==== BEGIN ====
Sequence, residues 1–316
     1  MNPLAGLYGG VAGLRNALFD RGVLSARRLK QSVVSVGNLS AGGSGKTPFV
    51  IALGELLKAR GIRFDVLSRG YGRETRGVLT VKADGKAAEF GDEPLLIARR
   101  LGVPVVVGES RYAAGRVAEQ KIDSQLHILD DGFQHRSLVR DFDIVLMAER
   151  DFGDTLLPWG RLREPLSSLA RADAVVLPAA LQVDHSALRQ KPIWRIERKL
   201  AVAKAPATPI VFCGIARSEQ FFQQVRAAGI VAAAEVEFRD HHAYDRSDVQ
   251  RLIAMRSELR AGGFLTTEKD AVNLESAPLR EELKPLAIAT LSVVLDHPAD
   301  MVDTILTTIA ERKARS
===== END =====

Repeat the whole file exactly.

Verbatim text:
Sequence, residues 1–316
     1  MNPLAGLYGG VAGLRNALFD RGVLSARRLK QSVVSVGNLS AGGSGKTPFV
    51  IALGELLKAR GIRFDVLSRG YGRETRGVLT VKADGKAAEF GDEPLLIARR
   101  LGVPVVVGES RYAAGRVAEQ KIDSQLHILD DGFQHRSLVR DFDIVLMAER
   151  DFGDTLLPWG RLREPLSSLA RADAVVLPAA LQVDHSALRQ KPIWRIERKL
   201  AVAKAPATPI VFCGIARSEQ FFQQVRAAGI VAAAEVEFRD HHAYDRSDVQ
   251  RLIAMRSELR AGGFLTTEKD AVNLESAPLR EELKPLAIAT LSVVLDHPAD
   301  MVDTILTTIA ERKARS